I remember our first grocery provisioning tours as newbie cruisers very well. We were overwhelmed by the prospect of spending weeks away from supermarkets. How much coffee would we need a month? How many pounds of flour to bake bread? We hectically filled shopping trolleys, wondering on the way home where or if we’d be able to store everything. In the end we listed all lockers and their contents including expiry dates in a food-folder, a system that we’ve kept up over the years. In the meantime we’ve found out that at least basic supplies can be found almost everywhere as the locals also need to shop, cook and eat. We no longer fill the lockers with rice and sugar, but research beforehand what range of provisions to expect at our next destination and rather stock up on goodies that can’t be found in minimarkets and, because Pitufa is a gourmet boat, we enjoy preparing elaborate meals almost as much as eating them.
Provisioning and Where to Shop for Food While Cruising the Caribbean
Cooking is a creative activity, especially on a cruising boat. Unless you’re in a city marina with supermarkets providing customary ‘Western’ fare, cooking according to a recipe proves impossible. The more remote the cruising area, the more adventurous and interesting the boat cuisine becomes.
Whenever we encounter UVOs (unidentified veggie objects) we’re not shy and ask the locals not just what they are, but also how to prepare them, broadening Pitufa’s menu continuously along the way. I enjoy browsing through cookbooks, but I mainly look at the pictures to get inspiration, suppress a giggle when reading the list of unattainable ingredients and mentally start substituting them.
No yoghurt in the fridge? Just mash some Happy-Cow style processed cheese with lemon juice, some milk powder and a few drops of water. No potatoes at the minimarket? Why not try breadfruit, yucca, taro or yam instead?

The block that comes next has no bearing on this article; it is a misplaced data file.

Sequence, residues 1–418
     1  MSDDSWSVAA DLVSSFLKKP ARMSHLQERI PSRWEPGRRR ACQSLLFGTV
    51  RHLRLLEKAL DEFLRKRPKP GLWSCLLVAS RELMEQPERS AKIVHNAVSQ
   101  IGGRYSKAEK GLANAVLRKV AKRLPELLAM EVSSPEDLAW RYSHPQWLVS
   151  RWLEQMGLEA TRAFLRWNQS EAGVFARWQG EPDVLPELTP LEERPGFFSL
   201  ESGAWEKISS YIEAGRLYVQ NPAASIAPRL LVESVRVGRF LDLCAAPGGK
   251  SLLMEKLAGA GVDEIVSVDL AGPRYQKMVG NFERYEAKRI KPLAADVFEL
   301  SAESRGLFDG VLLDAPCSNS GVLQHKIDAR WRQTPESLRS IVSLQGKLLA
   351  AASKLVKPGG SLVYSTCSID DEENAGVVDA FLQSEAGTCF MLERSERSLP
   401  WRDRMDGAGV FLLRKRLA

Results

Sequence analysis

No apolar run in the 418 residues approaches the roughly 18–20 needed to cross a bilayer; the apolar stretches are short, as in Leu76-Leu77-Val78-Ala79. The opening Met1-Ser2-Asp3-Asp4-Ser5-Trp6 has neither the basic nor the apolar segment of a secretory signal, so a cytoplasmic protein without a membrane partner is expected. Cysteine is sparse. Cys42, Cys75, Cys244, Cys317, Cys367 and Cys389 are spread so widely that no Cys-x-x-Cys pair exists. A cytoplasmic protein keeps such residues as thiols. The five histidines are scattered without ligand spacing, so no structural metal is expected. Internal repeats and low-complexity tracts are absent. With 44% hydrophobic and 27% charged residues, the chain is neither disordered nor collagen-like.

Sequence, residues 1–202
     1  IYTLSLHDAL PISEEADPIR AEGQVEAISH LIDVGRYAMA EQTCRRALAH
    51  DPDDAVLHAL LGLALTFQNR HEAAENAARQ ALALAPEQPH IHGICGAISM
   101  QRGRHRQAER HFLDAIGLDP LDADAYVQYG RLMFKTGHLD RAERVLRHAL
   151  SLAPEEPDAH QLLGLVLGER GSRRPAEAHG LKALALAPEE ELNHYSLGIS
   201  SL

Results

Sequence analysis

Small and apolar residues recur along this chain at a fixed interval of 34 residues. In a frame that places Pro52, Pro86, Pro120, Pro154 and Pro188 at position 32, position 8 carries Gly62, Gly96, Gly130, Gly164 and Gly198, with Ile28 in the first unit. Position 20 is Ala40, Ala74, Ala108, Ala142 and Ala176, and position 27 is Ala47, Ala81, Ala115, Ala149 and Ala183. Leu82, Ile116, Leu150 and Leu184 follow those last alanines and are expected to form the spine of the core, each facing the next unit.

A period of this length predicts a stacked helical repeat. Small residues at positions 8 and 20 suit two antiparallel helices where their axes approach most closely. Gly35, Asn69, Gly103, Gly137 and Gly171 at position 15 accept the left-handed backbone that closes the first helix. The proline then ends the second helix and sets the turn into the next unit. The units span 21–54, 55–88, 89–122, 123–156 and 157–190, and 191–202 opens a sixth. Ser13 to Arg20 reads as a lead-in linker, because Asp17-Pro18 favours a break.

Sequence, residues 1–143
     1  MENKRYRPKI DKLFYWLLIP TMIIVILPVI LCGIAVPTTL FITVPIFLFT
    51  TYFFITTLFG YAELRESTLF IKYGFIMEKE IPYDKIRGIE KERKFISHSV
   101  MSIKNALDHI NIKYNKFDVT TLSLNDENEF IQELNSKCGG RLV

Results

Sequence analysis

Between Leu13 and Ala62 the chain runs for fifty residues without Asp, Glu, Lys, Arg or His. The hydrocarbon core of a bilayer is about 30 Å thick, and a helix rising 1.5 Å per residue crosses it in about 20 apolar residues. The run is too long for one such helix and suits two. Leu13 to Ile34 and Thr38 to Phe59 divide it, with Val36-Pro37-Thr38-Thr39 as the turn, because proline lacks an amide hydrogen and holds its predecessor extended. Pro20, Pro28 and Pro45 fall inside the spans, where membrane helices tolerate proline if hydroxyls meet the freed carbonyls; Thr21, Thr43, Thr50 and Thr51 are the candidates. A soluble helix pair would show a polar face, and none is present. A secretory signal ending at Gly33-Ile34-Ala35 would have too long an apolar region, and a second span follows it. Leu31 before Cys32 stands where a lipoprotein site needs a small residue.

Finding your Thanksgiving Turkey Provisioning in the Caribbean
Green papayas are readily available in the tropics and these chameleons of the galley can pose as bamboo shoots in a stir-fry, courgettes (Zucchini) in a risotto, grated raw they make a delicious salad and can even pass as cucumber in a fake tzatziki (with the above mentioned fake yoghurt).
On passage the cruising cook faces different challenges. I usually don’t prepare meals beforehand, as our fridge is filled to the brim with provisions anyway and there should still be space left to accommodate fish we hope to catch. We talked to fellow cruisers who habitually prepare one huge pot of stew before passages, which then lasts them a week. But just imagine the whole crew being sick from food poisoning on top of seasickness. Who would handle the boat?
The degree of sophistication of our passage food varies with the sea state. In calm conditions there’s galley business as usual with fresh bread and full meals. When the boat starts heeling or rolling severely I take some seasickness meds, avoid handling pots with boiling water (no pasta) and limit myself to one-pan dishes. In rough conditions cooking turns into a form of extreme sport with the chef wedged in behind the stove, ripping open lockers to grab something and then slamming it shut before everything inside goes ballistic. On Pitufa we have a sturdy gimbaled stove, but we additionally secure it with bungee cords to avoid violent swings. A non-skid mat on the work surface also helps. In such conditions I prefer quick dishes like couscous, ready-made mashed potatoes, or noodle snacks (e.g. Asian ramen). With some added fresh ingredients, like sliced veggies or fish, they provide simple but tasty and nourishing meals to keep up the energy and morale of the crew. We also keep a dedicated box with passage-snacks like nuts, dried fruit and cookies. These treats and the prospect of the delicacies to be found in the next anchorage sweeten even the roughest passage.
STOVES … KEROSENE VERSUS PROPANE
Our old fashioned kerosene stove came with the boat. The advantage is that we can stock up fuel to keep cooking for a long time in remote areas. We use less than a gallon per month and can carry enough kerosene for about two years. Owners of gas stoves constantly worry where they’ll get the next supply and whether their fittings will match the local systems. The nuisances of preheating the burners and constantly pumping to keep the tank pressurized are often exaggerated. I find pumping is only necessary about once a week and if preheated with alcohol for two minutes the stove usually refrains from puffing a darting flame to the ceiling. The main disadvantage of a kerosene stove is that it’s getting difficult to find spare parts and in many places kerosene. The best solution is to get JetA1fuel from remote airfields.